Education innovator speaks in Carson City |

Education innovator speaks in Carson City

Teri Vance
Special to the Appeal
Author Milton Chen, author of Education Nation, speaks to students at Carson High School March 16, 2016. Photo by Tim Dunn/Nevada Photo Source
Tim Dunn | Nevada Photo Source

Listening to author and education innovator Milton Chen on Wednesday morning talk about the importance of planning for the future, Carson High School junior Caitlyn Lee, 17, reviewed her own plans.

While she has a passion for performing, she knows it can be hard to pay the bills singing and dancing, so she plans to pursue a degree in business finance or management from the University of Nevada, Las Vegas.

“It’s really me trying to do what I love while getting an education so I can make a living and see where I go from there,” she said. “I like that he didn’t say there was just one way. He said it’s better to do what you enjoy doing because that will take you further.”

On a two-day speaking tour in Carson City, Chen — author of “Education Nation” and senior fellow and executive director, emeritus at The George Lucas Educational Foundation — visited local schools during the day and finished with a community forum Wednesday evening at the Brewery Arts Center.

“Curiosity is probably the most important trait you want to develop in students,” he told a packed audience in the Brewery Arts Center’s Performance Hall. “We want kids to persist in their curiosity. We want to encourage kids to learn about the world and ask questions.”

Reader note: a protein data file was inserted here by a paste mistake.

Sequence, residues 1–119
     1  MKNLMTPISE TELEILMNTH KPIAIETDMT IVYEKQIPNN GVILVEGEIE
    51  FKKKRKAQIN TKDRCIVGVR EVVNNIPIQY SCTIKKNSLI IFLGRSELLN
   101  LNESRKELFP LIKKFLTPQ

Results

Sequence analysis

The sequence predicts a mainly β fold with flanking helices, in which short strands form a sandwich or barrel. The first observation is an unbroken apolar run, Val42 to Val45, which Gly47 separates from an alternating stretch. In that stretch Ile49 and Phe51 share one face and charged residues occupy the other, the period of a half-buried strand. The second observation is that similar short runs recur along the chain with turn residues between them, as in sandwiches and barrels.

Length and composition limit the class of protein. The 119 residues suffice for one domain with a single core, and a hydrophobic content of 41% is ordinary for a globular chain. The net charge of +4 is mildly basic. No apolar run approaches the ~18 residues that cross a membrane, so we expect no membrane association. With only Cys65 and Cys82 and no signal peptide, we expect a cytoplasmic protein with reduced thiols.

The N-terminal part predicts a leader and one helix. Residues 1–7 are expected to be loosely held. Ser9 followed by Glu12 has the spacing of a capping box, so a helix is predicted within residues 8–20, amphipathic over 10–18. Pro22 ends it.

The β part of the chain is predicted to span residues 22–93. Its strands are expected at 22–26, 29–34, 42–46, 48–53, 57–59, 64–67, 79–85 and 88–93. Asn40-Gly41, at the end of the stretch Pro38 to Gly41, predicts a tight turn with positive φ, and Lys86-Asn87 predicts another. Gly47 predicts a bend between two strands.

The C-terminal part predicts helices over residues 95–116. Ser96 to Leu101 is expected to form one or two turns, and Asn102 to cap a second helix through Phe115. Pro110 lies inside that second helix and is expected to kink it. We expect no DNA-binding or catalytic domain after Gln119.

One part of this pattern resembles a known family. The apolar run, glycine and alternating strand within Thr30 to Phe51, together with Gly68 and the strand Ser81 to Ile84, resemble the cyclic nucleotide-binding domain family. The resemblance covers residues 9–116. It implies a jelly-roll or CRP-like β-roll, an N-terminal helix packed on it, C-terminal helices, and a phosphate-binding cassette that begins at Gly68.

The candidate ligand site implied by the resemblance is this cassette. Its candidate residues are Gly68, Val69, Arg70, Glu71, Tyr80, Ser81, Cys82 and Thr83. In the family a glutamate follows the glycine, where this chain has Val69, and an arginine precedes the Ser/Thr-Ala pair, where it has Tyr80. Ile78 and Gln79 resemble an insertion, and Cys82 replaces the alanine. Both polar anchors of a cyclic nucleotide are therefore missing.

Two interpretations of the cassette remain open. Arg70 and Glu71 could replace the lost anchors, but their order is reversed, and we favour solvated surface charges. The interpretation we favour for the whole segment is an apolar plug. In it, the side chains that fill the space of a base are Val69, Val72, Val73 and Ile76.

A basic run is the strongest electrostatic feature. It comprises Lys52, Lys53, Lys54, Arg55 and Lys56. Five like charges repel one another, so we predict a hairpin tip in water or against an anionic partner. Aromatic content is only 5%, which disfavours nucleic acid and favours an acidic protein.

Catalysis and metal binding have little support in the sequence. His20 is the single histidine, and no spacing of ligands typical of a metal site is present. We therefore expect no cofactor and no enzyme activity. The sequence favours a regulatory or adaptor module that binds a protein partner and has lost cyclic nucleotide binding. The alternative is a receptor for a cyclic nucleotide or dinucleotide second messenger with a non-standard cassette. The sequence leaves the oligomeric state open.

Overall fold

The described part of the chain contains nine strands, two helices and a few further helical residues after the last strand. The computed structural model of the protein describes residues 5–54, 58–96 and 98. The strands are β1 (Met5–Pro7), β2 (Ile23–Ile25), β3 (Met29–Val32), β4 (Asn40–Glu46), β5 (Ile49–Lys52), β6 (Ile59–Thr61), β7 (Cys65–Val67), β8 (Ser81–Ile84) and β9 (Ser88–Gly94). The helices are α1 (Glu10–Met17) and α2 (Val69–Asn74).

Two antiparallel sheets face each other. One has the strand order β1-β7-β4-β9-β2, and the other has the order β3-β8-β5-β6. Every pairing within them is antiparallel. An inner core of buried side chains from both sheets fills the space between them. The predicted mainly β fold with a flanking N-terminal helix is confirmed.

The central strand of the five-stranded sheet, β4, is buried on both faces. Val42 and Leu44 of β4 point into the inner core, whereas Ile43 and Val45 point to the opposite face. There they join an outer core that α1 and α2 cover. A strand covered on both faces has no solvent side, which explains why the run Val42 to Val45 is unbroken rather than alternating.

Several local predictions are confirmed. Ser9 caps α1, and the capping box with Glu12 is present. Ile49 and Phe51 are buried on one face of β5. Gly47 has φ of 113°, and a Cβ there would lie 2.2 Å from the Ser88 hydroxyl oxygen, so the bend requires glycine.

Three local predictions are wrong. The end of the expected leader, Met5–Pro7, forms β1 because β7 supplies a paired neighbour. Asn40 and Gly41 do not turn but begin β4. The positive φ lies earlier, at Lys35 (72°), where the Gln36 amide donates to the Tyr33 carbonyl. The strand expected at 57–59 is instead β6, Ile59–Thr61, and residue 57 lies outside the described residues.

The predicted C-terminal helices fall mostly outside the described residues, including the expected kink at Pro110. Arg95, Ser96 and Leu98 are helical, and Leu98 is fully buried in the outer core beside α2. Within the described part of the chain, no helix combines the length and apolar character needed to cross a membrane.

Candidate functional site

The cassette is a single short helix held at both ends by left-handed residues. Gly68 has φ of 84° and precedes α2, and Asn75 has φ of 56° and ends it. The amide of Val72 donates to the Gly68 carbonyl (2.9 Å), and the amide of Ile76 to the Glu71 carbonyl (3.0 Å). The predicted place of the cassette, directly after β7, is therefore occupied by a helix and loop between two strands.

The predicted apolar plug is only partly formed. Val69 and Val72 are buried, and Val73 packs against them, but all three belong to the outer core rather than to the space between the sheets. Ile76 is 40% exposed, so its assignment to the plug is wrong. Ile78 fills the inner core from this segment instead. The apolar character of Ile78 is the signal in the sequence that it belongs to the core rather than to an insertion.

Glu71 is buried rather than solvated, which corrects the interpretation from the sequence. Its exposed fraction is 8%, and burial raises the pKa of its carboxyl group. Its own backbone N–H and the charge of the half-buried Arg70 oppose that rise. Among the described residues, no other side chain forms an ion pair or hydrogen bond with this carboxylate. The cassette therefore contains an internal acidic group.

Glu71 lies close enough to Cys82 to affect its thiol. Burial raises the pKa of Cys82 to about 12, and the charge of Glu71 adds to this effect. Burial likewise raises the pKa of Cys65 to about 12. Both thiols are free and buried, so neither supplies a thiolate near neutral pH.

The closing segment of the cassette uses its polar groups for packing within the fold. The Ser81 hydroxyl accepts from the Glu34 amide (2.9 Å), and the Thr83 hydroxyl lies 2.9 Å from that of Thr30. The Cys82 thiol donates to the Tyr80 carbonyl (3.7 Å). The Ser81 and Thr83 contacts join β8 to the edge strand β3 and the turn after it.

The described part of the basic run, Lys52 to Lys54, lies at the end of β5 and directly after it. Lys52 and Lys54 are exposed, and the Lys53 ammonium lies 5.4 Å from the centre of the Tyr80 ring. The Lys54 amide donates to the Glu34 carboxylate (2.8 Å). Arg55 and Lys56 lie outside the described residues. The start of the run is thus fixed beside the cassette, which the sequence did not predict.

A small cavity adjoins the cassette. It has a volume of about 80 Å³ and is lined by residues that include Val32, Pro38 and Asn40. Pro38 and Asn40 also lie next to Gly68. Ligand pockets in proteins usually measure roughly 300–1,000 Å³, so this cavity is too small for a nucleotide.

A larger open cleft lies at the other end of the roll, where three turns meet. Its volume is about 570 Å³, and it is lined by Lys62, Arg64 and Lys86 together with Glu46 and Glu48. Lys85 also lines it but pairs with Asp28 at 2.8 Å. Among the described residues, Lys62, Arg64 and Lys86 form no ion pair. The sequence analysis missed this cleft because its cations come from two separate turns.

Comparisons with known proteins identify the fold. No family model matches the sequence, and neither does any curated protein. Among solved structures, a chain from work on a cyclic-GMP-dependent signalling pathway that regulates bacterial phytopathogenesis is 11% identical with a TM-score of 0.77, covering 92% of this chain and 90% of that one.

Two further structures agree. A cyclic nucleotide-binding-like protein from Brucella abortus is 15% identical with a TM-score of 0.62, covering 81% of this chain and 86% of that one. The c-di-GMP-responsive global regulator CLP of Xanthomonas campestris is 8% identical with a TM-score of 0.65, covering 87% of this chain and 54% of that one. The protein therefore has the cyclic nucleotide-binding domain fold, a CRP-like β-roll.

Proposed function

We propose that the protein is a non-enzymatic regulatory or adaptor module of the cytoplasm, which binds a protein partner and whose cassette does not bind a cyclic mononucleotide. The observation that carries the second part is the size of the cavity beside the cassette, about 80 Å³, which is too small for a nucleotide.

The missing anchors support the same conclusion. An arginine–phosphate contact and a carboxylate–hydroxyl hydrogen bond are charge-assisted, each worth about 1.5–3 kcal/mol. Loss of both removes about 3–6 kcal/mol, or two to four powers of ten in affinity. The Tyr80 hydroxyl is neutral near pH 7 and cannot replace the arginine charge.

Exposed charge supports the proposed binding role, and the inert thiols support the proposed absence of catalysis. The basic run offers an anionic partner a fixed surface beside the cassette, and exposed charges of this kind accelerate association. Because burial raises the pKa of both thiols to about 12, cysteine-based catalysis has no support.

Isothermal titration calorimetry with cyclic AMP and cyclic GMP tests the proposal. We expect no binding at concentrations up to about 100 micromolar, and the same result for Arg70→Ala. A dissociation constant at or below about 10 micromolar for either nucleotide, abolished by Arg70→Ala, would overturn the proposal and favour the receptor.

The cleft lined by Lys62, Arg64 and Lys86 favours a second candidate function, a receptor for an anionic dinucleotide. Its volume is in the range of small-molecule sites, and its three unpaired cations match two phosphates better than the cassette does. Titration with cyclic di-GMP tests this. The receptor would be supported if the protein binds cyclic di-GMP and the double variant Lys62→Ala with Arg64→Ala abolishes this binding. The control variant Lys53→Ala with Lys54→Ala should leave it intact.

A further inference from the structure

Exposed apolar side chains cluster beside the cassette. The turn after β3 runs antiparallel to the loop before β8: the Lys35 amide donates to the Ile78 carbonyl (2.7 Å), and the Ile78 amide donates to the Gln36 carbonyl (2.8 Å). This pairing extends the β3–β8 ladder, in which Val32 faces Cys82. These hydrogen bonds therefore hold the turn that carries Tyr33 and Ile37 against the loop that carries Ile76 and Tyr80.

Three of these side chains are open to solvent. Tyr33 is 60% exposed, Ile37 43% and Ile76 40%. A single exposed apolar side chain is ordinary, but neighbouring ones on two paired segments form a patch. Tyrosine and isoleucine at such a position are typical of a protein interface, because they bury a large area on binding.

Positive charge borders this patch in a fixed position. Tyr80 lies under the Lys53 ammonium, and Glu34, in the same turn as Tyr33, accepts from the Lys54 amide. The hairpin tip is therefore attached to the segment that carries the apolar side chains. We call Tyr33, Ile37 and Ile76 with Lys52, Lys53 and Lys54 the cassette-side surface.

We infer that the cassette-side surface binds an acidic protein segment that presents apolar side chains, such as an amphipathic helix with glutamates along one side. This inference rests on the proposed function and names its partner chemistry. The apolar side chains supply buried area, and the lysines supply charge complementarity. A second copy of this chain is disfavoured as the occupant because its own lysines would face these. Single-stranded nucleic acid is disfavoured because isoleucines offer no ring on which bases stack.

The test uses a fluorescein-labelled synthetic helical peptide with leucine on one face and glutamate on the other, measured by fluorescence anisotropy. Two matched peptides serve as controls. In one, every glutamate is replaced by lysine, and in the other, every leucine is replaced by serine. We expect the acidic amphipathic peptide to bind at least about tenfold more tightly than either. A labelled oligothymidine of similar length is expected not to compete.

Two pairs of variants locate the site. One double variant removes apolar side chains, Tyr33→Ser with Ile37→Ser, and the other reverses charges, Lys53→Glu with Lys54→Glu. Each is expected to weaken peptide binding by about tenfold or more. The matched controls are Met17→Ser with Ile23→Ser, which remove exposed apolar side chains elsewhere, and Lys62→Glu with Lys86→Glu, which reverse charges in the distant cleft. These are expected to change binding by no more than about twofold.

He will visit more schools today, along with a trip to the Innevation Center at the University of Nevada, Reno.

He encouraged students representing business, leadership, entrepreneurial and other clubs at Carson High School to replace the “u” in education with a “you.”

“Think about creating your own future,” he said. “Entrepreneurship is a real skill. You are in charge of your own ed-you-cation. It’s amazing what can be done.”

He shared his own story of growing up in Chicago as the son of Chinese emigrants, who were barred from returning to their homeland after the Communist takeover.

“I encourage you as you go forward to know who you are,” he said. “That’s how education starts, knowing who you are.”

He also shared stories from Steve Jobs and George Lucas and their unconventional paths to success.

He showed a video clip in which Lucas told of a car accident near his high school graduation that made him realize how fragile life is and how important it is to treat each day as a gift.

It was an idea that resonated with Zach Simms, 17.

“Over the past couple of months, I’ve had a lot of hardships in my family,” Simms said. “It makes me appreciate what I have right now and make the most of what I’m going to have in the future.”

Chen encouraged educators and other community leaders to work together as an ecosystem of education.

“We need to make school life more like real life,” he said. “Kids need to see that what they’re learning in school is connected to real life. Anything can be taught if it’s taught in a meaningful way.”